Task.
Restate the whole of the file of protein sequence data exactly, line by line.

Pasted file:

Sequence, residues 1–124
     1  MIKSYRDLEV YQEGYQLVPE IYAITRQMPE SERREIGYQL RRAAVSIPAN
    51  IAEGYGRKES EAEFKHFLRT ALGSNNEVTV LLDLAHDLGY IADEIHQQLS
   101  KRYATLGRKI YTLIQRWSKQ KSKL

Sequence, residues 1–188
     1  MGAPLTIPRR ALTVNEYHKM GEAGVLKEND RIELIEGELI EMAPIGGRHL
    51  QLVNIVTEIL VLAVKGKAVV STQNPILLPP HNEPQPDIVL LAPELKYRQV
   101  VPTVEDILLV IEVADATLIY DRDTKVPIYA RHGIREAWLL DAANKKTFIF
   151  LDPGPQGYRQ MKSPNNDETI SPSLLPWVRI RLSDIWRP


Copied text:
Sequence, residues 1–124
     1  MIKSYRDLEV YQEGYQLVPE IYAITRQMPE SERREIGYQL RRAAVSIPAN
    51  IAEGYGRKES EAEFKHFLRT ALGSNNEVTV LLDLAHDLGY IADEIHQQLS
   101  KRYATLGRKI YTLIQRWSKQ KSKL

Sequence, residues 1–188
     1  MGAPLTIPRR ALTVNEYHKM GEAGVLKEND RIELIEGELI EMAPIGGRHL
    51  QLVNIVTEIL VLAVKGKAVV STQNPILLPP HNEPQPDIVL LAPELKYRQV
   101  VPTVEDILLV IEVADATLIY DRDTKVPIYA RHGIREAWLL DAANKKTFIF
   151  LDPGPQGYRQ MKSPNNDETI SPSLLPWVRI RLSDIWRP